FIG. 3 shows a front view of the contactor 1 in Embodiment 1 of the invention. FIG. 4 shows a front view of only the probe section in a contactor assembly 5 in which plural contactors 1 are arrayed in a direction normal to the paper surface (hereinafter to as the y-direction) in a desired pitch.

Referring to FIG. 3, reference sign 1-i denotes contactors. A contactor 1-i includes a resin film 43, a fixed section 41 and a probe 42-i. The probe 42-i includes the probe input terminal 200-i, the probe output terminal 300-i-m, a deformed section 400-i and a spring section 500-i.

In the contactor 1-i, the fixed section 41 and the probe 42-i are fixed over the resin film 43 by adhesion. The resin film 43 is made of an insulative resin material (preferably polyimide for instance). The probe 42-i is made of a conductor (preferably beryllium copper for instance). The fixed section 41 is made of the same conductor as the probe 42-i.

Electrical signals inputted from the probe input terminal 200-i are outputted to the probe output terminal 300-i-m via the deformed section 400-i and the spring section 500-i. The probe output terminals 300-i-m characteristically protrude in the z-direction farther than the upper side of the resin film 43 and, together with the springiness of the spring section 500-i, ensure electrical connection with other electrical contacts. Therefore, electrical signals inputted from the probe input terminal 200-i are securely communicated to other electrical contacts via the probe output terminal 300-i-m.

The fixed section 41 has a hole into which a rod (round rod, not shown) is pressed in. The pressing-in of the rod into this hole enables the contactors 1 to be stacked in the desired pitch and fixed.

In FIG. 4, reference sign 1-i (i=1 to 12) denotes contactors. The contactors 1-i have the same functions as those of the contactors 1 described with reference to FIG. 3. Reference sign 42-i denotes probes; 200-i denotes probe input terminals; and 300-i-m denotes probe output terminals. The tips of the probe input terminals 200-i of the contactors 1-i stacked in the desired pitch in the y-direction are formed at the same height in the z-direction. The tips of the probe output terminals 300-i-m are also formed at the same height in the z-direction. Further, the probe output terminals 300-i-m have phase differences in a pitch p in the x-direction.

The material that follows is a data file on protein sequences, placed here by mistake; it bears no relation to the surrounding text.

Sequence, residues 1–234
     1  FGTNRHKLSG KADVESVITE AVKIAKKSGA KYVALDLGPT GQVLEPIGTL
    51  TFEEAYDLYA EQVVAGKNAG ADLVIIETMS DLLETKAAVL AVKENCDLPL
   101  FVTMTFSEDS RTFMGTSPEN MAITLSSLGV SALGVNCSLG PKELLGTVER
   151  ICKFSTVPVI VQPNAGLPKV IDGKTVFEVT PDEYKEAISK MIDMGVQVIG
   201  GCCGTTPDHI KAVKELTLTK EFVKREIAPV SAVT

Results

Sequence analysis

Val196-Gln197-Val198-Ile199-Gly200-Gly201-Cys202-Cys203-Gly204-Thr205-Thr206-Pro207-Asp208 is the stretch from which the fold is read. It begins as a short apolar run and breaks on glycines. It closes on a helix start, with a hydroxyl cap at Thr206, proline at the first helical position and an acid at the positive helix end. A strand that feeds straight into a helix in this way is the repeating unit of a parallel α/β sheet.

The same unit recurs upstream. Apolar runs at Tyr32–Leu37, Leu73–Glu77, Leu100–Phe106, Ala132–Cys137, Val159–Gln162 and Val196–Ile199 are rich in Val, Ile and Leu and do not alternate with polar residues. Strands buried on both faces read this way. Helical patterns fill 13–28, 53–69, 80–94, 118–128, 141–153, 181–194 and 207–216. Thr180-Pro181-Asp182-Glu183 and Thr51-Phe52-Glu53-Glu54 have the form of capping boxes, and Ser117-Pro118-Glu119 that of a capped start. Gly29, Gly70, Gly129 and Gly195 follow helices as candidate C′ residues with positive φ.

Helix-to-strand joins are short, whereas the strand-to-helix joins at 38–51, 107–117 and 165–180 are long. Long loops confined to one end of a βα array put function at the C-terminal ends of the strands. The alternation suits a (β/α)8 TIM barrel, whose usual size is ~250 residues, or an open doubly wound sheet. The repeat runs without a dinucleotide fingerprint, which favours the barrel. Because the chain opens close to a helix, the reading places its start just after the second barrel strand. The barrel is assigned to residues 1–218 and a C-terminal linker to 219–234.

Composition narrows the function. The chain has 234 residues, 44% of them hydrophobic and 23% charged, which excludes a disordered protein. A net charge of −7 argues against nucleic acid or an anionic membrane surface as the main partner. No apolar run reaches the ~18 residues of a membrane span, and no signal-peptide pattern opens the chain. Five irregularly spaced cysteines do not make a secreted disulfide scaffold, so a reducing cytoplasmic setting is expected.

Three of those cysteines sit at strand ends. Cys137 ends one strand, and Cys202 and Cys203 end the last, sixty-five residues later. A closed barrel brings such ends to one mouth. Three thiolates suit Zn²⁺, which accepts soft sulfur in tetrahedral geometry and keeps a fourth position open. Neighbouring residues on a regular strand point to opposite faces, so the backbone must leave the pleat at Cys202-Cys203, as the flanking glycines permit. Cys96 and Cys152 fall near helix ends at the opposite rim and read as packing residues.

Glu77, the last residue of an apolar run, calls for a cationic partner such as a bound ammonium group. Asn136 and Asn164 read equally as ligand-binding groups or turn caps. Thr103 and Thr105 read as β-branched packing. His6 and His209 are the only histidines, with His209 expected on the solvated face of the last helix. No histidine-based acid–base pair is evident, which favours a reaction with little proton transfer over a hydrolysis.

Although this embodiment of the invention has been described with reference to the contactor and the contactor assembly shown in FIG. 3 for the sake of convenience, the invention is not limited to these system and structure of contactor, and any contactor assembly in which the probe output terminals have phase differences in the pitch p in the x-direction can be applied to the invention.

In the configuration shown in FIG. 4, the contactor assembly 5 actually has many more contactors 1-1, 1-2 . . . 1-12, but only the contactors 1-1 through 1-4 are shown therein, and the illustration of other contactors is dispensed with.

FIG. 5 shows a plan of the contactor assembly 5 as viewed in the direction of arrow A in FIG. 4. As shown in FIG. 5, the contactor assembly 5 includes contactor subassemblies 5-N (N=1 to 6). In the reference signs, N represents the arrangement number of contactor subassemblies and i, that of contactors. The contactors 1-i (i=1 to 24) are stacked in a pitch q in the y-direction, and i=1 to 4 matches N=1 of the subassemblies 5-N, i=5 to 8 to N=2, i=9 to 12 to N=3, i=13 to 16 to N=4, i=17 to 20 to N=5 and i=21 to 24 to N=6. Thus there are six groups in this Embodiment 1. The probes 1-i-m match the arrangement numbers of N, wherein i is the serial number for all the contactors and m, the arrangement numbers in each group. In FIG. 5, i=1 to 4 are shown out of i=1 to 24 and m=1 to 4, and the others are dispensed with. The probe input terminals 200-i are arrayed in a straight line in the x-direction. It is indicated that, when i=n=1 (i=1 to 24, m=1 to 4) in the x-directional position of the probe output terminals 300-i-m, (n, n+4, n+8, n+12, n+16, n+20) are on the same straight line, (n+2, n+6, n+10, n+14, n+18, n+22) are on the same straight line and (n+3, n+7, n+11, n+15, n+19, n+23) are on the same straight line. FIG. 5 shows the sequence until i=10.